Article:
Microsoft hones its Vista holiday pitch

Summary:Microsoft is holding a Windows Vista holiday-preview event this week in New York, aimed primarily at the consumer press to show off how far Vista has come in the year since the product was released to manufacturing. They allowed a few less-well-heeled interlopers, like yours truly, tour the showcase, too.

This year will mark the first time that Microsoft and its partners will have a chance to make their pitch for why Vista PCs should be on your holiday gift lists.

Vista PCs on display at this week’s New York holiday showcase

To kick things off, Microsoft is holding a Windows Vista holiday-preview event this week in New York, aimed primarily at the consumer press (folks like Vogue, GQ, Cosmo, etc.) Windows officials are here to show off how far Vista has come in the year since the product was released to manufacturing.

Microsoft rented out a loft overlooking the Hudson to act as a temporary showroom. Rather than trying to demonstrate the whole "connected entertainment" scenario, Microsoft's gone the stripped-down route this time around. There are no Windows Mobile phones, no Windows Home Server systems, no Xboxes and no Zunes to be seen.

(There also was no one, thankfully, reciting the "100 Reasons Why Everyone Is So Speechless." The holiday showcase is minimalist. It's all about Vista -- and gourmet snacks/drinks.)

For Microsoft watchers like me who cover every twist and turn in the Windows saga, there isn't much (if anything) new. I've seen the new Vista laptops and notebooks from Sony, Dell, HP, Gateway and the various Windows Certified and I've checked out the various Games for Windows titles. And I've gotten demos of the latest Windows Live service add-ons for Vista, ranging from Windows Live Photo Gallery, to Windows Live Writer.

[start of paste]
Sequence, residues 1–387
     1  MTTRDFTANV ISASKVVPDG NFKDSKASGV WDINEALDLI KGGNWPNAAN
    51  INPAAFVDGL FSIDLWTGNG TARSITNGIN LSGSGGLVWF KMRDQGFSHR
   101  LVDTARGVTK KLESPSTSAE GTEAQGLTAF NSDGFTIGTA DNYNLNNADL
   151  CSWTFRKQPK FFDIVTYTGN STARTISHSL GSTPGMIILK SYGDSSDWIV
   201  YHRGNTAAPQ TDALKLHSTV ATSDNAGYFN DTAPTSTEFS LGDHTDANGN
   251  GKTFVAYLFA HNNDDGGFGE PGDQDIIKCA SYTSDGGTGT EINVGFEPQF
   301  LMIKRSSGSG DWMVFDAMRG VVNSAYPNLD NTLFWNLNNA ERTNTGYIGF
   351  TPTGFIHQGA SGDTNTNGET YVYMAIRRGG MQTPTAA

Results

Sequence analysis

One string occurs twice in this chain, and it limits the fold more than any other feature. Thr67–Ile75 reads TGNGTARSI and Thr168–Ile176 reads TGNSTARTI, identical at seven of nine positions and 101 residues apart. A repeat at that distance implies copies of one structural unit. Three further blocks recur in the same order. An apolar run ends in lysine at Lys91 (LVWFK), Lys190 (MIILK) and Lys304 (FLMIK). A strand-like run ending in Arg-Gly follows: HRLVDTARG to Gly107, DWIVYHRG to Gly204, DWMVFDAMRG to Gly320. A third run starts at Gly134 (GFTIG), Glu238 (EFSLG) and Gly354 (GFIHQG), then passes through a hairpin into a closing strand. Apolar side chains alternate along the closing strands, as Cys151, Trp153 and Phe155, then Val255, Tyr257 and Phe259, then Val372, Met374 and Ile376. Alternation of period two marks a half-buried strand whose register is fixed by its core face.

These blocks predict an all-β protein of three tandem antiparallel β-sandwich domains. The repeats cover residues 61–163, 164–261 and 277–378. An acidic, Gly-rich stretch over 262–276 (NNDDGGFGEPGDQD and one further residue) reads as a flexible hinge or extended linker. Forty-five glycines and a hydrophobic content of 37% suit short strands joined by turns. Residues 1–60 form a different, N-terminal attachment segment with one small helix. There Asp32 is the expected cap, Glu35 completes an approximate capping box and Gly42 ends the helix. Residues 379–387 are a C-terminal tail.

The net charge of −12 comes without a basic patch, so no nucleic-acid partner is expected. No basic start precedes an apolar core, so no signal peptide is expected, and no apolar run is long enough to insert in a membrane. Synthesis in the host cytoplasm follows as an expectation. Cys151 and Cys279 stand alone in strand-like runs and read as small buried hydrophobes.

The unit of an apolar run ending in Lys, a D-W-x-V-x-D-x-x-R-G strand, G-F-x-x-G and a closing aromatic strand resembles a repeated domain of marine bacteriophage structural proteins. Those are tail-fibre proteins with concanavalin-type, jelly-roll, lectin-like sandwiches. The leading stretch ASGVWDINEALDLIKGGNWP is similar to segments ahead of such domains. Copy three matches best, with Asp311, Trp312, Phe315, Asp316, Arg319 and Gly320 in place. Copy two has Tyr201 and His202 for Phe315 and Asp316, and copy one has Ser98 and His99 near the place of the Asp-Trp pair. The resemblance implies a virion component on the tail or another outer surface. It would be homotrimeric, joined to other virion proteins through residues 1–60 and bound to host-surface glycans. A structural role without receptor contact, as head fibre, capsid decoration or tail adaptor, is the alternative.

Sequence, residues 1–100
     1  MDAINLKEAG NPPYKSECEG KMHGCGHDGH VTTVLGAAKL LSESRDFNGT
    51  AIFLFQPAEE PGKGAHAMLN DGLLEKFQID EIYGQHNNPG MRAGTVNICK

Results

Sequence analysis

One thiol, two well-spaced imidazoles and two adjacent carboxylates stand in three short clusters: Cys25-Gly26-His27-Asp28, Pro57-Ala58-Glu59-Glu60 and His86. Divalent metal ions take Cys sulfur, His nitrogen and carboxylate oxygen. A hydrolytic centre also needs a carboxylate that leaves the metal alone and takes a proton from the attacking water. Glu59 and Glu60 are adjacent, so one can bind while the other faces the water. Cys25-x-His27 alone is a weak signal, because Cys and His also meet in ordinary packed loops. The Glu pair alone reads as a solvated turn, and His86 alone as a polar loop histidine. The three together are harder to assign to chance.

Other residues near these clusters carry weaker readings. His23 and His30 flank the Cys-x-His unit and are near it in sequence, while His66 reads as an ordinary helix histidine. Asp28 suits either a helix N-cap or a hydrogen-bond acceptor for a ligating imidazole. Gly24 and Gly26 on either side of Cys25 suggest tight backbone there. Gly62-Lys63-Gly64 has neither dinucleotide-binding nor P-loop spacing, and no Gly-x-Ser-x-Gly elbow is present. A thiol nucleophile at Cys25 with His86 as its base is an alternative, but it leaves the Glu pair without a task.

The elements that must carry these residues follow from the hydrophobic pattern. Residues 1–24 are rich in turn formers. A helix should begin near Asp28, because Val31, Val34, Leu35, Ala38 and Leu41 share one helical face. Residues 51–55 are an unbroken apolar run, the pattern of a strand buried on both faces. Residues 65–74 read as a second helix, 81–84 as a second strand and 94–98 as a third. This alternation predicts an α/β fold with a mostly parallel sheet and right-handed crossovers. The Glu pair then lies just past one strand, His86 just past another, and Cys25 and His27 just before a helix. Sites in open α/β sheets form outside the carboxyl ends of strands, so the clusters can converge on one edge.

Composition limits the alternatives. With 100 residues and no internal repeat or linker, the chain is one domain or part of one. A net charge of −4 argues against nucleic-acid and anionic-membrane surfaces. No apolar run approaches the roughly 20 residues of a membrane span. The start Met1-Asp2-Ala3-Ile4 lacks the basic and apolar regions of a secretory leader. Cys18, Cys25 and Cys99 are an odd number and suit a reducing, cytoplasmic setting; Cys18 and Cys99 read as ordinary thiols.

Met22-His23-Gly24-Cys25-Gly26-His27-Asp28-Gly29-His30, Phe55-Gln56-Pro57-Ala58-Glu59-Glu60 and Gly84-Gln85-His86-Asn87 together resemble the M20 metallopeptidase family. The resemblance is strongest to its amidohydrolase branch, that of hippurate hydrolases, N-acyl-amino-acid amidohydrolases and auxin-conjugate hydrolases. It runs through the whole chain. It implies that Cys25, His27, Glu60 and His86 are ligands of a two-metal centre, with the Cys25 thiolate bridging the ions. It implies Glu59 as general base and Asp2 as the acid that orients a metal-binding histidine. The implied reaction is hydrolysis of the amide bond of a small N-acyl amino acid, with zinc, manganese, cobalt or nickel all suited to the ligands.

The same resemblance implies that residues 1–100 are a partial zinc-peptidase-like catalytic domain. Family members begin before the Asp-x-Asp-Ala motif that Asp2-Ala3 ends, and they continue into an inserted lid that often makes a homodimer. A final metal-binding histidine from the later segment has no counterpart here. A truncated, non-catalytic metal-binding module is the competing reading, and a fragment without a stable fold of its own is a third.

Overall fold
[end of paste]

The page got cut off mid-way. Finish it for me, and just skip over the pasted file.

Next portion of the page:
Games for Windows were on display. Zunes and Xboxes were not
The fact that the Windows team is finally showing/talking about Windows Live is pretty amazing, though. Until now, the two product families might as well as been from different planets, instead of the same company.

Microsoft isn't sharing any new tallies, as far as how many copies of Vista it has sold. (The official count remains at 60 million since the product launched.) The company is providing a few updated "momentum" data points, including:

  • There are now 7,670 apps and devices from more than 900 partners that are either "Certified for Windows Vista" or that pass the "Works with Windows Vista" tests
  • Of NPD’s list of 100 top-selling Windows apps by unit, 98 are compatible according to
  • PCs (desktop and notebook) equipped with Window Vista OS options have increased in U.S. retail shelf presence from 77% in February 2007 to 92% in September 2007.
  • There are over 41,000 hardware products are now supported on Window Update, up from 23,000 at launch

Entering the portal for the Vista Holiday showcase
I was surprised there weren't any special holiday bundles. Or mysterious new Vista form factors that are set to launch in the next month or so. Or a new advertising campaign (There might be one, but we didn't get to see it, if there is.) It's probably too insider-baseball for Martha Stewart Living, but I wondered what Microsoft is providing, right now (not next year with Service Pack 1), to make upgrading to Vista more palatable for techies and non-techies alike.

What is Microsoft doing to try to blunt the buzz around Apple's Leopard, which launches on Friday? Or even the buzz around XP, the operating system that's too good for its own good?

I wasn't wowed. I wonder if others who haven't been eying Vista so closely will be....

Topics: Windows, Enterprise Software, Microsoft


Mary Jo Foley has covered the tech industry for 30 years for a variety of publications, including ZDNet, eWeek and Baseline. She is the author of Microsoft 2.0: How Microsoft plans to stay relevant in the post-Gates era (John Wiley & Sons, 2008). She also is the cohost of the "Windows Weekly" podcast on the TWiT network. Got a tip? Se... Full Bio

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